Thursday, November 6, 2008

Man Not Machine

Yesterday while running errands, I jetted into the drive-thru of my favorite fast food joint for a drink. The upbeat voice in the order box said, "My name is Nicky, can I take your order?" I did what I always do before yelping my order into the box, I said, "Hi, how are you?" After an uncertain pause, the box replied, "I'm well, thanks, and how are you?!" I answered and gave my short order.

At the pick-up window, a young sparkly girl wearing a headset came up next to the one handing me my drink and excitedly said, "Hey, I want you to know you're my all time favorite customer! I just told my manager that you actually said hello to me and asked how I was!! No one has ever done that. Ever. I come in here everyday trying to be nice to people but no one has ever done that for me. Thanks. You made my day!" Wow.

Next, I headed to Target. The register lines were a tad long giving me time to look around. I saw Target Team Members all say hello to the people in line. Some briefly responded; some on their cell phones didn't even hear. Others were engaged in conversation with the person with them. Not one customer engaged in conversation during the check-out process. A few said a hurried, "Thanks," as they snatched their bags. When it was my turn, I did my usual eye dart to the badge for a name. When Team Member Paula said hello, I responded, "Hi Paula, how are you today?" Again after a brief pause, she beamed, "I'm good, thanks. How are you? Did you find everything okay?" We chatted and I left thanking her for her help.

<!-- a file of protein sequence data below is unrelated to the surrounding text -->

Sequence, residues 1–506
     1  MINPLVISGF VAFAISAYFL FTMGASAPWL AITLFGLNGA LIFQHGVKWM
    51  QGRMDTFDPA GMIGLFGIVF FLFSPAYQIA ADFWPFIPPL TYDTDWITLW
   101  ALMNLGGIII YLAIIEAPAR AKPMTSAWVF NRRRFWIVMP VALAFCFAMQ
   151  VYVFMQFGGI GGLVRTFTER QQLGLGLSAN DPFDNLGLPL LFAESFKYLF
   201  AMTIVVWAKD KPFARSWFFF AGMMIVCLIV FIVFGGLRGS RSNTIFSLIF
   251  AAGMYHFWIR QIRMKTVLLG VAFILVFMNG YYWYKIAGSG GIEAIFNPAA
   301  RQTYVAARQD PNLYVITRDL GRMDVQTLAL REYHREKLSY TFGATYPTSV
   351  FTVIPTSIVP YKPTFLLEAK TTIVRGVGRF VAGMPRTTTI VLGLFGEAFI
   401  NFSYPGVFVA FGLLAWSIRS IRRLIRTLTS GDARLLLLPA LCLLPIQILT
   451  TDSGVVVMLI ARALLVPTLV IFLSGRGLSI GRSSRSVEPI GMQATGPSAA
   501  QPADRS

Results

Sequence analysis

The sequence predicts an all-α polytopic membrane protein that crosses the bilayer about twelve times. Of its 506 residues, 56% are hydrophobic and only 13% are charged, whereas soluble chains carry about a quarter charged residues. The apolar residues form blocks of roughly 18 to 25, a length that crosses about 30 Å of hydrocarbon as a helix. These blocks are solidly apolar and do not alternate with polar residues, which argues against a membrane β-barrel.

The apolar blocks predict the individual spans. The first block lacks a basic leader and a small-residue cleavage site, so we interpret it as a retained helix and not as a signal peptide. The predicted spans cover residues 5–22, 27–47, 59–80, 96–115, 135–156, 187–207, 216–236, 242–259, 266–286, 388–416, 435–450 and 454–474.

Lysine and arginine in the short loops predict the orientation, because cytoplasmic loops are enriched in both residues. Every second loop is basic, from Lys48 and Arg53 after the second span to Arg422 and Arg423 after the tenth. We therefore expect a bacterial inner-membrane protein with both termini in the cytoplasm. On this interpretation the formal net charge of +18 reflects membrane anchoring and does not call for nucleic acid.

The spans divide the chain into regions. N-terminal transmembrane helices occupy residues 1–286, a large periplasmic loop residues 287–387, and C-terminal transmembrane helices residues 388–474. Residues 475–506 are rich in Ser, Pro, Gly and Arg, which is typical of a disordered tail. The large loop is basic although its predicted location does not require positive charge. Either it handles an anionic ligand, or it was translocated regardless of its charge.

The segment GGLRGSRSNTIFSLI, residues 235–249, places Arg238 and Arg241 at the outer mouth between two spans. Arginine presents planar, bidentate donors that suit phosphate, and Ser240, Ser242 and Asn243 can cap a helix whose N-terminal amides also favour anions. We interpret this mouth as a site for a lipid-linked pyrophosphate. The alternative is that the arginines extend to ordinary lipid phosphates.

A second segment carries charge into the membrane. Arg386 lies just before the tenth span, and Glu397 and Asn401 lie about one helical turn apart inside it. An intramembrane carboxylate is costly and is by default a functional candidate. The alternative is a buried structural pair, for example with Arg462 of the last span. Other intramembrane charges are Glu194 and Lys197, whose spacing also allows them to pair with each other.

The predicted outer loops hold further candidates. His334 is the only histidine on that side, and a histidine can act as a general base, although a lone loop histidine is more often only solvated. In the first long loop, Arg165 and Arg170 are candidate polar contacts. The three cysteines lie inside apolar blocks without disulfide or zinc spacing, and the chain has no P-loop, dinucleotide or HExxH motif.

So, why this entry; this sort of stuff goes on countless times a day. Yes, it does. I'm calling attention to the uncertain, brief pauses that happened in both of those exchanges because that's the important bit. Those pauses are an uncertain brain attempting to process a new experience. Attempting to process the experience of being acknowledged! The one who takes an order or helps in a check-out line is a Human Being, not an extension of the cash register! In our haste, our self-absorbed methods of getting through our day, we forget.

The pause is the sad state of affairs in customer service. We treat them with no regard and transparency, and eventually, even the most bright-eyed of retail workers begins to act like the air has been let out of their balloon. They act in that flat, dis-interested way that most of us customers find infuriating. It's a shame on both sides of the cash register.

If you don't consciously remember, with each encounter, that you're dealing with a Human Being and not a machine, start today. We've all had retail jobs, or suffer with one currently. Most of us can relate to the lack of regard we endure in those positions; it doesn't feel good at all. So, don't pass it on. Try an experiment next time you're in a store- Deliberately look for a name badge and use the person's name when they wait on you. If that's not possible, take a sec to look them in the eye saying, "Thank you very much for your help today!" See if it doesn't change the look on their face. I know it will make you feel better. It simply will.